We’re privileged to have done a lot of travel. Increasingly when we visit new places we see old ones in them. And these comparisons come up a lot in conversation. For example in the past twenty four hours we’ve said that Cartagena reminds us of:
A fort we visited in Manila, the Philippines
A colonial town in southern Spain called Cardiz
You can see why we might do this. Lots of the places above, for example, were Spanish colonial sites too. There are patterns in the world and it isn’t surprising that we recognise them. But we might be overrecognising similarity.
When you’re experiencing something new seeing similarity to old things that are more familiar gives you a sense of comfort and understanding. It’s a useful heuristic or mental short cut. Some economists talk about an availability heuristic where we place an over reliance on examples that are easier to remember (because they’re vivid or recent) when evaluating information and making decisions.
So here’s the existential bit: by seeing and speaking in analogies when we travel do we actually end up seeing and experiencing more or less?
There might be a risk that our eagerness to see things that make sense with our memories means we under-experience new things we encounter. That we read sameness into all the indigenous hill tribe’s we meet, or the jungles. Or the colonial towns. And in doing so we miss the subtle differences. We might even become jaded and feel there’s nothing left to see.Or that might be nonsense. Seeing what’s similar might also illuminate what’s different. It might allow you to focus your observation on specific things. The colonial towns all look pretty samey, but the people in them seldom are. After all, if there were really such significantly diminishing marginal returns from travel, we wouldn’t still be doing it.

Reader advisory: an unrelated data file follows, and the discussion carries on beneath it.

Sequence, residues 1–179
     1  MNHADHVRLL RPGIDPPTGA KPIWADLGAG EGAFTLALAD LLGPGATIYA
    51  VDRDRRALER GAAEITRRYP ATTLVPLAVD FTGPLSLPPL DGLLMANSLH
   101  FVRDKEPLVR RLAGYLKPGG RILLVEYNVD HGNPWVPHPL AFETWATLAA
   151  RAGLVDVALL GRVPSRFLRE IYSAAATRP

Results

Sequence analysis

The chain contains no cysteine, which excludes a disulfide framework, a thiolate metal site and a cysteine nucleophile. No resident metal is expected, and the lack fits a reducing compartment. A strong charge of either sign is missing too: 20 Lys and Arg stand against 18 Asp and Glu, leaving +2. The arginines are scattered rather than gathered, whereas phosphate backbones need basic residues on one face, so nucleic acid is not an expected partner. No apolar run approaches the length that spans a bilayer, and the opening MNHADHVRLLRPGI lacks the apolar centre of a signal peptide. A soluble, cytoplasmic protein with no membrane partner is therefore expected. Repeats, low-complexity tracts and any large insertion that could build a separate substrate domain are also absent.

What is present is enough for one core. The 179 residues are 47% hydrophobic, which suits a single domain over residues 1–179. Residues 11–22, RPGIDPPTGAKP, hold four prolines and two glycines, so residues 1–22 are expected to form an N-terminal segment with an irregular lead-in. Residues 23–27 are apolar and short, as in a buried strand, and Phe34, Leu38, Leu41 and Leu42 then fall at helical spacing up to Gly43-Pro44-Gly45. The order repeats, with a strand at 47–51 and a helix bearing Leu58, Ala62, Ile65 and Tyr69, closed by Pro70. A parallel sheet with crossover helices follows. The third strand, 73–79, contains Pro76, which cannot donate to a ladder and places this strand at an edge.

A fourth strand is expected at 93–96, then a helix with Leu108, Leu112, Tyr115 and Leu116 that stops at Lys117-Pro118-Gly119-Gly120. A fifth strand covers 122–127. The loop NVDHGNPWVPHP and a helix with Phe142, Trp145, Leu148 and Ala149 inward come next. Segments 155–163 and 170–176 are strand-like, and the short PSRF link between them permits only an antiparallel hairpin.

I’m not normally much of a cheerleader for organised exercise, but this is pretty cool.
We stumbled across this open air and ostensibly free gym class – Zumba? – in a plaza in Cartagena’s old town. Good setting. Old church. Palm tress.
There was also a pretty big crowd watching which would surely be intolerable if you were doing the exercising. There were of delicious fried foods so that those who were watching rather than partaking could enjoy their superior life choices. And of course the folk exercising can dance, so they were probably doing it much better than at Les Mils.
Tonight, on the ramparts of Cartagena we celebrated:
The end of our first three months of travel (one down, three to go!)
Moving from our volunteering phase to purer travel further south into South America
10,000 visits to our blog
Probably the most significant part of our travel we don’t really blog about is the blogging. But we enjoy it greatly. It’s a great way to hone and process the observations we make. Thank you all for reading along with us.
We were sad to farewell our host family who we’ve been staying with for two and a half months. We were pleasantly surprised by how well we fit into their family life. We had a great family gathering on our last night.